#Asia Roomorama, Singapore’s answer to Airbnb, stops accepting bookings


Photo credit: Roomorama.

Roomorama – a short-term and vacation property rentals platform that competed with Airbnb – has announced that it will no longer be processing bookings, and will be reviewing its future direction.

In a statement posted on its website, the Singaporean company said that “increasing competition and regulatory headwinds have made it ever more challenging to operate in this industry,” and that it will cease accepting any new bookings “while we decide our future from here.”

The statement also said the company would honor all existing bookings.

Roomorama was founded by Jia En Teo and Federico Folcia in 2009, and claimed as recently as June this year that it offered more than 80,000 owner-managed and professionally-managed rentals worldwide.

In 2012, it secured US$2.1 million in seed funding and merged with US and Europe-focused competitor Lofty, significantly expanding its market reach. The following year, it partnered with travel price comparison site Wego, adding another potentially lucrative channel for sourcing bookings.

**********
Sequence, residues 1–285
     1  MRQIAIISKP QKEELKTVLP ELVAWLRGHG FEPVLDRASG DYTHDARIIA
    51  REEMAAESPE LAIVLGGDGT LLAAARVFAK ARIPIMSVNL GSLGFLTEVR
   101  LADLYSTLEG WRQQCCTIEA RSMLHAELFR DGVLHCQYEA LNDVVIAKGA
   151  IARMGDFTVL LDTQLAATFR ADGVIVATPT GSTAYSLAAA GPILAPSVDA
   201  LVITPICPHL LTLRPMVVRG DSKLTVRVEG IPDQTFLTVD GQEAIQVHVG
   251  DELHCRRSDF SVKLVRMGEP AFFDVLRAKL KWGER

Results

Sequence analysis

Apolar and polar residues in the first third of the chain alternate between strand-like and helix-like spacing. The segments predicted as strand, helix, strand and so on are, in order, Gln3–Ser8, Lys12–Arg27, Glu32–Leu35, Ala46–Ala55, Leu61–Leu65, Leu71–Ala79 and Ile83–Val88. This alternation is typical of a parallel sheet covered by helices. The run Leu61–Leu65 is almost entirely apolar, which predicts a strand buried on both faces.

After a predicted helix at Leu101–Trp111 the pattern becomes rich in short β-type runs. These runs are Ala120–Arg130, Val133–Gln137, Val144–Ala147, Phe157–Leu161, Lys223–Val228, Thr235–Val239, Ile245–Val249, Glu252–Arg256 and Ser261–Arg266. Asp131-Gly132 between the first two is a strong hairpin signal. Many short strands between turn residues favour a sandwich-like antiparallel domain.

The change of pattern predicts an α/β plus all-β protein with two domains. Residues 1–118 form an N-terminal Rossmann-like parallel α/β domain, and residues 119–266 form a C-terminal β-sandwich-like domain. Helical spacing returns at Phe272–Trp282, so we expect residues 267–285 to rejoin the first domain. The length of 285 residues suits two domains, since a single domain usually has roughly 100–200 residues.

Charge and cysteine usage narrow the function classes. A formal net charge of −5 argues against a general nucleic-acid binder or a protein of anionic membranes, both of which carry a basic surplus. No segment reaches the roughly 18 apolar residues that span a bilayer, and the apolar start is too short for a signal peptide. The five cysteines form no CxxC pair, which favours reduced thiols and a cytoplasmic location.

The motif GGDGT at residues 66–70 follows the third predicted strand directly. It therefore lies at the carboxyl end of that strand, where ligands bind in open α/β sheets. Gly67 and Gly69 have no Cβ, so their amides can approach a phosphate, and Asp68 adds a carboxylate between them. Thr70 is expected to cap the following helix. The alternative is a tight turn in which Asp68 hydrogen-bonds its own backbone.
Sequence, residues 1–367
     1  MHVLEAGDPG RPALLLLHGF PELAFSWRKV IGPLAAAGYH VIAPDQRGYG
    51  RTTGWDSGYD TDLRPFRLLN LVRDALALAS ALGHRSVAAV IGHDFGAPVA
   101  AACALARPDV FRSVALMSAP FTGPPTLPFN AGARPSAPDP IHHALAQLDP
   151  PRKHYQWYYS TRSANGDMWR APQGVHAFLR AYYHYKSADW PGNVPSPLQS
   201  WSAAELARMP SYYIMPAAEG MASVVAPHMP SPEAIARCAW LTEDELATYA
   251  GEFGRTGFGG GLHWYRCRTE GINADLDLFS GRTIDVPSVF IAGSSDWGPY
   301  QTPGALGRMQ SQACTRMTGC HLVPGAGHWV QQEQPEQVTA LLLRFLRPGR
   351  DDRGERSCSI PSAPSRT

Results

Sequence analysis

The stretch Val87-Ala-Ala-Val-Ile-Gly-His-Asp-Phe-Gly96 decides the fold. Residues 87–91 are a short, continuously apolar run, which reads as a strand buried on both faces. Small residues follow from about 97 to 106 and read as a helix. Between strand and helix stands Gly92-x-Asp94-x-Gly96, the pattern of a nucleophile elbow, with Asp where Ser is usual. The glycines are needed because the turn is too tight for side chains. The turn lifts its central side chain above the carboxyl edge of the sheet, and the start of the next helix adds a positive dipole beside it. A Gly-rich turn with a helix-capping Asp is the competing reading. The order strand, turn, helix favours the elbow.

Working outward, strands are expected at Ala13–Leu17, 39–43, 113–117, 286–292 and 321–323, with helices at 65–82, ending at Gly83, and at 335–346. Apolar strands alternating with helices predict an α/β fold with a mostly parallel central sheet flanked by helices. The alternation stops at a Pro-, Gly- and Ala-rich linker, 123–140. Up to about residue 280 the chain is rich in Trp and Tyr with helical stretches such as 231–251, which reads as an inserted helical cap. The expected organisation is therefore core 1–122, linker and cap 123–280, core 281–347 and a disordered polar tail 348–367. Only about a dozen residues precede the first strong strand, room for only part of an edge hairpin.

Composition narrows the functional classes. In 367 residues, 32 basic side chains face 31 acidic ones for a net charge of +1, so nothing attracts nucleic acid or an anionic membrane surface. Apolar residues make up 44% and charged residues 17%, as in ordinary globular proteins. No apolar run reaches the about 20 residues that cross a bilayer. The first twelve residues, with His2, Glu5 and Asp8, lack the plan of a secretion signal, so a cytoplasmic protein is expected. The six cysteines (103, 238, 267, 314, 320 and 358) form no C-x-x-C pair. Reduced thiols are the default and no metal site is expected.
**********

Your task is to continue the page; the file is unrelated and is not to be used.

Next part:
They made multiple phone calls and sent several emails to Roomorama to arrange a refund, but received no answer from the company.

However, it would appear that the pressure was piling on Roomorama. It was operating in a highly competitive market dominated by US player Airbnb, which set up a Singapore office in 2012.

Moreover, the company had to deal with regulatory issues surrounding its business model in many of the territories it operated in, including Singapore.

The most recent review posted on Roomorama’s Singapore Facebook page is almost a year old, and is negative in its appraisal of the company. The reviewer claimed that after their booking was cancelled by a property owner, they made multiple phone calls and sent several emails to Roomorama to arrange a refund, but received no answer from the company.

The next most recent review – dated to October 2015 – is from a landlord who wanted to list their property for rent on Roomorama’s site. They similarly received no reply from the company. None of the Facebook reviews appear to have been responded to, or otherwise publicly acknowledged, by Roomorama.

The website of Bridge Rentals – a company affiliated with Roomorama and operating in the same space, with Teo and Folcia holding board seats – appears to be offline at the time of writing.

Tech in Asia contacted Roomorama and Bridge Rentals but did not receive any additional comment beyond the statement posted on Roomorama’s website. Teo suggested we contact a third-party PR representative for further questions, who told us that Roomorama is in the process of winding down and settling matters with partners.

Tech in Asia also contacted Roomorama investors Vickers Ventures and Profounders Capital, but has not received a response.

This post Roomorama, Singapore’s answer to Airbnb, stops accepting bookings appeared first on Tech in Asia.

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